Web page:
FDA warns against flood-affected crops

The Food and Drug Administration has released a letter warning state agriculture departments and agencies about the potential adulteration of flood-affected crops in the wake of Hurricane Irene. According to the letter, if the edible portion of a crop was touched by flood waters, it is immediately considered adulterated and should not enter human food channels.

The Food and Drug Administration has released a letter warning state agriculture departments and agencies about the potential adulteration of flood-affected crops in the wake of Hurricane Irene.

According to the letter, if the edible portion of a crop was touched by flood waters, it is immediately considered adulterated and should not enter human food channels. All other crops should be evaluated on a case-by-case basis. Fresh fruits and vegetables inundated by flood waters cannot be adequately cleaned and should also be destroyed, according to the FDA.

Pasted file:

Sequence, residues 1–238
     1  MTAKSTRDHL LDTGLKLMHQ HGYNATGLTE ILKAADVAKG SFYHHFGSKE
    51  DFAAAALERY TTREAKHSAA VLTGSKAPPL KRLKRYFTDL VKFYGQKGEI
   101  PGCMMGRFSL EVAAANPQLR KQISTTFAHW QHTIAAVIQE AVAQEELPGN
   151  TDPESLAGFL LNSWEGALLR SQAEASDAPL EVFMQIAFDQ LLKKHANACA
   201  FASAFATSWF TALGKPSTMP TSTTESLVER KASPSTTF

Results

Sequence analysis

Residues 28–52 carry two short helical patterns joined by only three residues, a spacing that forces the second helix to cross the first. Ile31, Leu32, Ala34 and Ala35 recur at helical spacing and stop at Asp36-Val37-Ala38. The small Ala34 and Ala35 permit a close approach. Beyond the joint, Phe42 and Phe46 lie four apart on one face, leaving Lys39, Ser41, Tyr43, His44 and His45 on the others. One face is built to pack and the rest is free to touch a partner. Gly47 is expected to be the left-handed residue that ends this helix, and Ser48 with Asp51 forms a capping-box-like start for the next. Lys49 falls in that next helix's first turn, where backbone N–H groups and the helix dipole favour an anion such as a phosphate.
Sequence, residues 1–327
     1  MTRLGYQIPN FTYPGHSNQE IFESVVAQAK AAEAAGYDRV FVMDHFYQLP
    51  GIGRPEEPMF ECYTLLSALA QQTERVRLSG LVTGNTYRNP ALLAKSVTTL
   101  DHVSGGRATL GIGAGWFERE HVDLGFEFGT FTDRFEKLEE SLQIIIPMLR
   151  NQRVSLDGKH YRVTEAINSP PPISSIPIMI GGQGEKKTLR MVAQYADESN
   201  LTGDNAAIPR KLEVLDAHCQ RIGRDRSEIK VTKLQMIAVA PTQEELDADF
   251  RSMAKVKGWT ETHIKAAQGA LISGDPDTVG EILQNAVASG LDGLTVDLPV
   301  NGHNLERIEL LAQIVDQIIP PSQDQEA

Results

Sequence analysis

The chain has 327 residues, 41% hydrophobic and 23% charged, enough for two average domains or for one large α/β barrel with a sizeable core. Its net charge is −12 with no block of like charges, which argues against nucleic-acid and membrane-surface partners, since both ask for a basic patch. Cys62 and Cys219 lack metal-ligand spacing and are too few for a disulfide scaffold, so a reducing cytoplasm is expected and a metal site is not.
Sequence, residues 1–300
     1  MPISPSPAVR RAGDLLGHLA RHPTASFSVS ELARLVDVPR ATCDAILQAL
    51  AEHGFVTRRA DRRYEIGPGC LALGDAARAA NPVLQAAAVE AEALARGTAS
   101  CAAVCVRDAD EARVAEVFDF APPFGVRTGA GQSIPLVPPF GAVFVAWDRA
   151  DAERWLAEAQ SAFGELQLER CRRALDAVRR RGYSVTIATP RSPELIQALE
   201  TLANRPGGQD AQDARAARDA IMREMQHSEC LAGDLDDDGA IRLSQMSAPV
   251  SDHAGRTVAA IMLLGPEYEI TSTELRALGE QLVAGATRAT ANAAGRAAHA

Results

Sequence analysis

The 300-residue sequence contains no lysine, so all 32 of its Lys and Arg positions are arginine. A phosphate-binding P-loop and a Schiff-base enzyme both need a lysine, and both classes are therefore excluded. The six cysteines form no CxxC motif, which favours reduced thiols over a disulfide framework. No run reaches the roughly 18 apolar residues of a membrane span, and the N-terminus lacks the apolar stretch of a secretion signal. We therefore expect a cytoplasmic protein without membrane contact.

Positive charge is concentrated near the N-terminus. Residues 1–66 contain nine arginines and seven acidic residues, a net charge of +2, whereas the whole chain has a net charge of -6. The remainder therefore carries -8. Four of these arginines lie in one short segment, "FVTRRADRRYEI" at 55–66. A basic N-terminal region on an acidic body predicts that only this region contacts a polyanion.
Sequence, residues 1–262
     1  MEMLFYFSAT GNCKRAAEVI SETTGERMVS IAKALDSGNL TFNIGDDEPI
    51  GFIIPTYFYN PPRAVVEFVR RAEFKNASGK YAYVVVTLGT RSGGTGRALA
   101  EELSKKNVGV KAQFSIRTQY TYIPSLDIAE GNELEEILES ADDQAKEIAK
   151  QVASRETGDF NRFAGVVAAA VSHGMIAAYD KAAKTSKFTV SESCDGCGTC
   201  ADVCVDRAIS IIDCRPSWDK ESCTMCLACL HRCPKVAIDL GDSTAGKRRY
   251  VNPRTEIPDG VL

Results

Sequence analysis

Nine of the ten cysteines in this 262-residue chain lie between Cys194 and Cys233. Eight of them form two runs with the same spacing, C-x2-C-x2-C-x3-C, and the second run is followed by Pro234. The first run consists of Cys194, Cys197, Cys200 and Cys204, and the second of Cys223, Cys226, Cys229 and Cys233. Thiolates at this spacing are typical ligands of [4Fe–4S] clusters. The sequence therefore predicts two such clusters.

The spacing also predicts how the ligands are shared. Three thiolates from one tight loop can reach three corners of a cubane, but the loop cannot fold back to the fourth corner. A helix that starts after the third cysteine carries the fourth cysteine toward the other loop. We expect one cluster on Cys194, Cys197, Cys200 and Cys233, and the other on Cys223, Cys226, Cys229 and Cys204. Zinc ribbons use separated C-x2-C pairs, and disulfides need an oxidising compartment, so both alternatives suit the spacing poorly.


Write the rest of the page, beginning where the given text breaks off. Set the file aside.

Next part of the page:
As far as assessment of fields for replanting after flooding, the FDA recommends:

  • Assessing field history and crop selection.
  • Determining the time interval between the flooding event, crop planting and crop harvest.
  • Determining the source of flood waters (e.g., drainage canal, river or irrigation canal) and whether there are significant upstream potential contributors of human pathogens.
  • Allowing soils to dry sufficiently and be reworked prior to subsequently planting crops on formerly flooded production ground.
  • Sampling previously flooded soil for the presence of microorganisms of significant public health concern or appropriate indicator microorganisms.

Further questions can be directed to the FDA or the American Feed Industry Association

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